[EN] A-Z: Introducing SocketInjectingFuzzer and its first target - Teeworlds
The idea behind Socket Injecting Fuzzer is simple - fuzz applications working in the client-server architecture by mutating real data packets that are exchanged by them in real usage scenarios. Implementation is also simple because it is based on hooking network-related functions on one side (or both) of a connection and modifying outgoing data. Thanks to this approach, it is not required (but still may be helpful) to understand communication protocol or to prepare initial input for targets.
As my first target, I decided to take a real-time multiplayer action game Teeworlds. The only thing that I had to know is to what network functions are used by the game. It was only a matter of running
strace to find out that
recvfrom are used. With this information, it was enough to start implementing hooks.
In fact, at this stage, this code just hooks invocations of
sendto and passes all arguments to the real
sendto. It doesn’t perform any fuzzing yet, but it’s is important to know how it will be launched. To do it I use
LD_PRELOAD trick that relies on compiling the fuzzer as a shared object and running it along with the application.
If I run it this way, all outgoing data will go through the fuzzer.
As the whole mechanism is known, it is time to actually modify data. I decided to use radamsa, a fuzzer that we used in our previous sessions. Primarily, radamsa is an external library that takes any data, mutates it, and returns, but it can be also compiled as a library.
Its API is really simple, it should be initialized and later invoked with input and output buffers.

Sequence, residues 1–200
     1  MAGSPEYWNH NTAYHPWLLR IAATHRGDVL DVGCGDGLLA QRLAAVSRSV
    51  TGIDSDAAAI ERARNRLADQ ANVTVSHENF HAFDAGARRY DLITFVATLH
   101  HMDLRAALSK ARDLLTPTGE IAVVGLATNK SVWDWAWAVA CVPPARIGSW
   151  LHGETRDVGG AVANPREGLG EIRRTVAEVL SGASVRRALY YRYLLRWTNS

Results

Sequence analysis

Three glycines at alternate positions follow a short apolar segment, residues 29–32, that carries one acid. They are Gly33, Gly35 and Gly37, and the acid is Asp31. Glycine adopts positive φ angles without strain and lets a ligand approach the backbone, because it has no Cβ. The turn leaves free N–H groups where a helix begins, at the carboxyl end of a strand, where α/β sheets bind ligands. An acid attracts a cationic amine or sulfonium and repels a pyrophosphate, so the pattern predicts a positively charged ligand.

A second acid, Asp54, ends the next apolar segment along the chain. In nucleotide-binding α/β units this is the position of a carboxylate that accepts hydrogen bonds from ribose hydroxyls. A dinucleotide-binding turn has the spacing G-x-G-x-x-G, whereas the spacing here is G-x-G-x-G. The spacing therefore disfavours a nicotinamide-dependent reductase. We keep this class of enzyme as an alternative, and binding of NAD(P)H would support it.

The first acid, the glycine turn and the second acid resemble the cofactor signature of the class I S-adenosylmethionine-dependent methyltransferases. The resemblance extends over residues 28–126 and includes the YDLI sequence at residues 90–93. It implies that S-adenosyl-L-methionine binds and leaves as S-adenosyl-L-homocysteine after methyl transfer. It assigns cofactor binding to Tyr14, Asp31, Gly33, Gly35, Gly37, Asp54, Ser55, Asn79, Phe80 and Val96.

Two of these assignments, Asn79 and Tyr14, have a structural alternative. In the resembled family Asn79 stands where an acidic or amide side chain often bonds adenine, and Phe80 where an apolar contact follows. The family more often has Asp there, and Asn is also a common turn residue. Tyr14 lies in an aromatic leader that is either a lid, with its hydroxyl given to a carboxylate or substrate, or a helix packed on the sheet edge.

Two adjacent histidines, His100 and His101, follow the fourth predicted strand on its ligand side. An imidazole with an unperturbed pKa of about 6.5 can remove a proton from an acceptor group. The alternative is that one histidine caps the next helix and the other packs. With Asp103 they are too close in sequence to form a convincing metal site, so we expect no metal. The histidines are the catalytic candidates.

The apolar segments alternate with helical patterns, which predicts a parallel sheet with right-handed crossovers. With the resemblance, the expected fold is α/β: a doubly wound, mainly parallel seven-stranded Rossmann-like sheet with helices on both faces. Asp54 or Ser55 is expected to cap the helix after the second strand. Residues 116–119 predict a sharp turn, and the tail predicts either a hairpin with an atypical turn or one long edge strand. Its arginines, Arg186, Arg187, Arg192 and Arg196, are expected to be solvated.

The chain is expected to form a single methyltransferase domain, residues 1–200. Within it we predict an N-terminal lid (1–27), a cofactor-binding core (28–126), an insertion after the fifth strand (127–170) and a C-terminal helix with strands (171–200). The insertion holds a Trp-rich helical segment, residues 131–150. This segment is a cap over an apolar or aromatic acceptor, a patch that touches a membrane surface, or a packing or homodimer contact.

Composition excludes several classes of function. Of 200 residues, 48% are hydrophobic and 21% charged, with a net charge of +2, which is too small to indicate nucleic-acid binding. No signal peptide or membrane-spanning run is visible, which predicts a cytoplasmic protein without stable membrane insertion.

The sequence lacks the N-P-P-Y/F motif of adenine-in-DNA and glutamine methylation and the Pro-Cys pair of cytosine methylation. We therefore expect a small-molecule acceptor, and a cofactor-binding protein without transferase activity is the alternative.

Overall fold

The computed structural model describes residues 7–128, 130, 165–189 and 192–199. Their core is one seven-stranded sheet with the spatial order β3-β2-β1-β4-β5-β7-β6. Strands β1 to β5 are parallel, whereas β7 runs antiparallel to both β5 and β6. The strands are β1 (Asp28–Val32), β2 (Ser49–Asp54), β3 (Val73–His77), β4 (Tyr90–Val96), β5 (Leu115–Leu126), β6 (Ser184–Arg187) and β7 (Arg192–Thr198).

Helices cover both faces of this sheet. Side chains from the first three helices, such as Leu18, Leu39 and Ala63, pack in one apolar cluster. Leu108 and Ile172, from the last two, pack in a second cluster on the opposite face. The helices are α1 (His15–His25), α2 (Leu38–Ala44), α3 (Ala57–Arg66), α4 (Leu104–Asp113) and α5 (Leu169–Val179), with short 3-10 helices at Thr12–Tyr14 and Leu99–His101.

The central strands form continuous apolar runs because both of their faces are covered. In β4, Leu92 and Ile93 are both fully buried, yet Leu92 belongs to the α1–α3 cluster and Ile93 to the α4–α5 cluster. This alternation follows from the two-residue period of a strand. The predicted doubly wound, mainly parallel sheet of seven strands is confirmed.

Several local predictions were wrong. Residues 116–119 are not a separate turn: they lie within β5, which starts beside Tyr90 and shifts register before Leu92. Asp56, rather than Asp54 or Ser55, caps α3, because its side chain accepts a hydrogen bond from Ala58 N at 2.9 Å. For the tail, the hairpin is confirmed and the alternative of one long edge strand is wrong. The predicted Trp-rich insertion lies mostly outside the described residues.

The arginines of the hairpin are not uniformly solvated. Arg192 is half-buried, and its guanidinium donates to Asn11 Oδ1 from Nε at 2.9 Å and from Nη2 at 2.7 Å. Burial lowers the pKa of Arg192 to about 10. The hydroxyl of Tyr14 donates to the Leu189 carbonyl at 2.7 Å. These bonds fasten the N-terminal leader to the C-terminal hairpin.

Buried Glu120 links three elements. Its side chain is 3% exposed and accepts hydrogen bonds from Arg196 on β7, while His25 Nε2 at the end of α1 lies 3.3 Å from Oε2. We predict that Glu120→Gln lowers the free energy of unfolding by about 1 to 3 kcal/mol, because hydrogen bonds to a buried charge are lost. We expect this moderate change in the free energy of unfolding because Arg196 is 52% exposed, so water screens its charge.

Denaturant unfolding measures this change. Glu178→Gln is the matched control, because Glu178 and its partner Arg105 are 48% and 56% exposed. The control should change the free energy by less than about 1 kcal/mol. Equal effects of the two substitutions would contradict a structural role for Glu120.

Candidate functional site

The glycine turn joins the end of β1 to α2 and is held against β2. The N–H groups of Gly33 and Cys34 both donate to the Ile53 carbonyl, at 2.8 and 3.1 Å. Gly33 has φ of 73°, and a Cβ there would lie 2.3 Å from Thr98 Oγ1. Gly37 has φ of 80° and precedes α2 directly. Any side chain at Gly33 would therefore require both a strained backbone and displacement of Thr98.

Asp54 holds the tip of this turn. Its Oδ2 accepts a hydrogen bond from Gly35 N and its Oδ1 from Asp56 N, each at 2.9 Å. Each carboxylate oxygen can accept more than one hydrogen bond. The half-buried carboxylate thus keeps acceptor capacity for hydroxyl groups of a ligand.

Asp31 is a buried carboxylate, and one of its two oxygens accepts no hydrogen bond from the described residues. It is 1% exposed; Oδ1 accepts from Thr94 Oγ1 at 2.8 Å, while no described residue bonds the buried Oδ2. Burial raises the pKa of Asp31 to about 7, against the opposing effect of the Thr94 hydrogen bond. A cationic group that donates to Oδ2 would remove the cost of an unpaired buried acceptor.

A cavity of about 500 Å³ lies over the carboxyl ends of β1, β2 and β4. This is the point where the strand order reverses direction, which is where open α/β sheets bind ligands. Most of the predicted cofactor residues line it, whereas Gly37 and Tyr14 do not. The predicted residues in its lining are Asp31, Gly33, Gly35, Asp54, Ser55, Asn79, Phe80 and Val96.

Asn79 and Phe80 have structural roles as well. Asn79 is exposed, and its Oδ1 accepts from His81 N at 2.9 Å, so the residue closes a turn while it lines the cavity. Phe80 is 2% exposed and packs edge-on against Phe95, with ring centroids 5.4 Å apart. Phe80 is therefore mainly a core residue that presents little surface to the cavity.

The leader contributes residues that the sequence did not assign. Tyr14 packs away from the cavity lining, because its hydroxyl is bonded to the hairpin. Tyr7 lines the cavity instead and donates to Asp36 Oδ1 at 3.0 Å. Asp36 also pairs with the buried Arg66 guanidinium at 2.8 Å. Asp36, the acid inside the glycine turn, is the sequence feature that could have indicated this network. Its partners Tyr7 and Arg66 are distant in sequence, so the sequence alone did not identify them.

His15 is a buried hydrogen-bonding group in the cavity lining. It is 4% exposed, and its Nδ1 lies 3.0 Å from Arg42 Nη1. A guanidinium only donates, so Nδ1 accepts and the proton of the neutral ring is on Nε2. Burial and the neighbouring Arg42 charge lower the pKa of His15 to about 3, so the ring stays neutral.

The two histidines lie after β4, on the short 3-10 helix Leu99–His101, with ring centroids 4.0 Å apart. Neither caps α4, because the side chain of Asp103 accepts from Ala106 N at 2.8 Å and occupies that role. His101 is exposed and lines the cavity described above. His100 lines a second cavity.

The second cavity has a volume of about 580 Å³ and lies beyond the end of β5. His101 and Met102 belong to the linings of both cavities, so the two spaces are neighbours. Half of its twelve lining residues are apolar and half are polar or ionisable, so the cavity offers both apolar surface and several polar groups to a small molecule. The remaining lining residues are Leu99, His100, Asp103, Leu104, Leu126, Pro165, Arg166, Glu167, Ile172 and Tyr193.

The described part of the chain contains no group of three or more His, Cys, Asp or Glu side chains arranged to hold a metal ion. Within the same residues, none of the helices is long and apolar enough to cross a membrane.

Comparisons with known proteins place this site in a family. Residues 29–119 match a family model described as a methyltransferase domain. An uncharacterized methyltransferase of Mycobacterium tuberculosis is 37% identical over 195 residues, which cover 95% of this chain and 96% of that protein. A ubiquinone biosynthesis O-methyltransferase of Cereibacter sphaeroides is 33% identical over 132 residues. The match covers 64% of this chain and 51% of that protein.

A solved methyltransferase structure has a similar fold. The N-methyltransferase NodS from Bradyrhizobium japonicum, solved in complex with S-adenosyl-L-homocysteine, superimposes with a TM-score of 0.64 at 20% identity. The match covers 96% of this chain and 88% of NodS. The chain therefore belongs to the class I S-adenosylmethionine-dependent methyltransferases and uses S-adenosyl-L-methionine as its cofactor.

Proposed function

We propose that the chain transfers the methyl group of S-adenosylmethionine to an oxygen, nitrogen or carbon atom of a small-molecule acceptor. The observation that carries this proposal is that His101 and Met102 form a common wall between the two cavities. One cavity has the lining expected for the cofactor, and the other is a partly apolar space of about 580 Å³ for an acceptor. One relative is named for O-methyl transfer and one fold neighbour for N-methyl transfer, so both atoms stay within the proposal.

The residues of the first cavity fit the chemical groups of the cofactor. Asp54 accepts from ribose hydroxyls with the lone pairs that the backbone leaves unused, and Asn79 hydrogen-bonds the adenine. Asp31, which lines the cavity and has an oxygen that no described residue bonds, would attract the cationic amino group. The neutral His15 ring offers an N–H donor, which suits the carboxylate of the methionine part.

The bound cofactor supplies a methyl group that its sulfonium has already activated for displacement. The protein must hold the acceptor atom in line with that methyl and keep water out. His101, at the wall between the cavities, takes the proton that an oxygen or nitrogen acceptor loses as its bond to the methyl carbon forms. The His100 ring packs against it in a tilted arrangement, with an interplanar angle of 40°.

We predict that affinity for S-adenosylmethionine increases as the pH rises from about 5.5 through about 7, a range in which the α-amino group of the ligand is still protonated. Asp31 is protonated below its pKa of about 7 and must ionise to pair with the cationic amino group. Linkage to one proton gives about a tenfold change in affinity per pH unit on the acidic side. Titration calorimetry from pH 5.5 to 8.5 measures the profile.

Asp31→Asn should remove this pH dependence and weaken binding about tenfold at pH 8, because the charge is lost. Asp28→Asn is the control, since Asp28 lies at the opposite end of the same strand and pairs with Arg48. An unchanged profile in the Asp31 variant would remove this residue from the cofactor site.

Now all data sent by the application will be mutated. Now you may ask why
len is returned instead of result from
sf_sendto. Radamsa’s output can be different in length than input (
len != n). The application probably will check if
len bytes were sent, otherwise, some error handling code may be triggered. So it is necessary to fool the application and make it believe that it sent the expected number of bytes.
I also implemented some additional features which may be really helpful, for example fuzzing and sending a single packet many times (repeating), not fuzzing some packets to deliver them in their original state (to avoid disconnecting if the second side complains about malformed data), logging received data for easier analysis of crashes. For the sake of simplicity, I’ll skip describing it, but if you are interested in how it’s done, I recommended looking directly into the repository.
Time for action
As the fuzzer is ready to go, now we can run it with the game compiled with Address Sanitizer and keep our fingers crossed.
In this scenario the client sends mutated data and the server is a victim. On the gif we can see that fuzzer works. I didn’t touch a keyboard, all of these movements were accidentally made by the fuzzer while mutating data.
If we wanted to fuzz from the server-side we should just move
LD_PRELOAD from the client running the command to the server running command. Or if we wanted to simultaneously fuzz from both sides, we should apply this variable to both commands.
After some hours of fuzzing in different configurations (also applying different repeating and skipping parameters), I found five unique crashes. All of them apply to the client’s code so in real scenario a player would connect to a malicious server. Fortunately, none of them seems to be exploitable in terms of code execution but it’s enough for the server to cause clients’ crashes.
All of the bugs were reported on the project’s GitHub. It’s impressive how quickly developers reacted. Most of the fixes were committed in just a few hours.
A simple idea for fuzzing resulted in a few bugs detected in the very first target. These results proved to me that even a naive approach in fuzzing can give some results. So stay tuned for more.